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Authentic

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Album Review

When LL Cool J dubs his 2013 effort Authentic, the veteran rapper is referring to an album that's authentically LL Cool J circa 2013, and not one that's authentically hip-hop. That's important to remember as the everything-but-the-kitchen-sink effort overflows with guests from every genre, like Public Enemy's Chuck D, blink-182's Travis Barker, Rage Against the Machine guitarist Tom Morello, and electro-rocker Z-Trip. That busy jumble of names is not only on the same album, but on the same track, as in "Whaddup," a pop-protest number that's admirable enough, and one that sounds more natural than "Accidental Racist," LL's much-maligned duet with Brad Paisley. Authentic gets its own Paisley team-up with "Live for You," a glossed-up, jukebox country redo of LL's "I Need Love," although when it comes to updates to Cool J's classics, the "Mama Said Knock You Out" return "We're the Greatest" is a better choice, with Eddie Van Halen wailing away as the rapper does a Mike Tyson impression, intentional or not. This variety hour on wax comes alive when characters like Bootsy Collins (making the party number "Bartender Please" sound Deee-Lite-ful), Snoop Dogg (on the club worthy "We Come to Party"), and Charlie Wilson (swaggerfest "New Love" wins just for the line "honk your horn if she's walking by right now") show up, but even so, the album doubles down on some of its best ideas, and Eddie, Snoop, Travis, and Uncle Charlie all return for lesser numbers. LL sounds rusty and a bit under-rehearsed as he belts out his iffy punch lines and motivational anthems, but he pours his heart into the pop numbers and sounds at home during the nostalgic throwbacks. Don't call it a comeback of any sort, but good intentions abound and in a primetime television star manner, the album's title remains true.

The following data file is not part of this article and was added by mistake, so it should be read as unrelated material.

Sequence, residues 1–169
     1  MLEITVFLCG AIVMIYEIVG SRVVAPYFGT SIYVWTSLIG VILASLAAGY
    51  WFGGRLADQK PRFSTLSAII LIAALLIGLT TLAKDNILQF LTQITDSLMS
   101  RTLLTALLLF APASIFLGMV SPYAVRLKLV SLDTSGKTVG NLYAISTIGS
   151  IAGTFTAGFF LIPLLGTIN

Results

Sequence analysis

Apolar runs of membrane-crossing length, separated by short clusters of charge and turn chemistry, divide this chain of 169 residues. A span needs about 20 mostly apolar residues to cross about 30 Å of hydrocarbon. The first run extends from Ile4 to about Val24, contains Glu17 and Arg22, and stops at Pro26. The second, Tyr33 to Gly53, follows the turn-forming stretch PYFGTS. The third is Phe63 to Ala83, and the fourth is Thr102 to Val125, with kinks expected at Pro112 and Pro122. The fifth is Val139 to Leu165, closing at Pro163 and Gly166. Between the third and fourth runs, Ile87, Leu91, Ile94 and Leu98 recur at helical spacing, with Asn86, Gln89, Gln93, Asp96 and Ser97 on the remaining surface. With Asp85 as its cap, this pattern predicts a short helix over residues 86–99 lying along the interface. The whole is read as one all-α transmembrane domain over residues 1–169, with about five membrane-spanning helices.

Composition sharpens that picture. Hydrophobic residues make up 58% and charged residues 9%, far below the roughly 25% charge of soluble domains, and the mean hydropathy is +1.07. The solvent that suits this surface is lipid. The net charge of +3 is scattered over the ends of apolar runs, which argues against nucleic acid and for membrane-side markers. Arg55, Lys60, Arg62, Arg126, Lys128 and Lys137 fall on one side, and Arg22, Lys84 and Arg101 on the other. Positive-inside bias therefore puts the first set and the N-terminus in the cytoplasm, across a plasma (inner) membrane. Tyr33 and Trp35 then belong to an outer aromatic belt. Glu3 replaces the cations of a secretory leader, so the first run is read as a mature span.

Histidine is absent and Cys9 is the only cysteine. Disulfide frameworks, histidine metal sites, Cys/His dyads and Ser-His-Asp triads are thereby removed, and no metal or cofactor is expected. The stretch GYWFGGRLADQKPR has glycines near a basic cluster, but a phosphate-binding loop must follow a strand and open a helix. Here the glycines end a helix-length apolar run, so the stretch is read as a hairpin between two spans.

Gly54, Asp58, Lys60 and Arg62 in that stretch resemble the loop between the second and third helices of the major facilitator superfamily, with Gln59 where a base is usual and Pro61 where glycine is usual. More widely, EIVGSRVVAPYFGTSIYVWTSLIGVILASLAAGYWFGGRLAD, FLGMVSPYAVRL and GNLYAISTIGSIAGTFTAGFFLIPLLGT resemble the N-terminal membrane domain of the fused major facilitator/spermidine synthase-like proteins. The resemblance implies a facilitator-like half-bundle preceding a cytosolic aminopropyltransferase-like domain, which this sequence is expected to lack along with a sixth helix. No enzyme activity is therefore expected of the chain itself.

Customer Reviews

Amazing!!

When you have grown up with an artist, you mature with him. I remember vividly 28yrs. ago blasting "Rock the Bells". As my life progressed LL seemed to write the soundtrack 2 it. Sometimes art imitates life and life imitates art. Now we both have hit middle age and this album sounds where I'm at mentally and emotionally. It doesn't feel pushed or contrived. It's not that pretentious arrogant sound that you would expect from Jay Z but a classic honest album from a legend. Not sure if you will ever do another album after this and if that's the case, then what a swan song brother!!! Thanks for letting me take this journey with you.

WOW!

This... Is... Freaking... Awesome!!!!!

Then and Now

I was a fan then and I am a fan now.
LL had done it again. He is still the greatest rapper to ever walk this earth.

Biography

Born: January 14, 1968 in Bay Shore, NY

Genre: Hip-Hop/Rap

Years Active: '80s, '90s, '00s, '10s

Hip-hop is notorious for short-lived careers, but LL Cool J is the inevitable exception that proves the rule. Releasing his first hit, "I Can't Live Without My Radio," in 1985 when he was just 17 years old, LL initially was a hard-hitting, streetwise b-boy with spare beats and ballistic rhymes. He quickly developed an alternate style, a romantic -- and occasionally sappy -- lover's rap epitomized by his mainstream breakthrough single, "I Need Love." LL's first two albums, Radio and Bigger and Deffer,...
Full Bio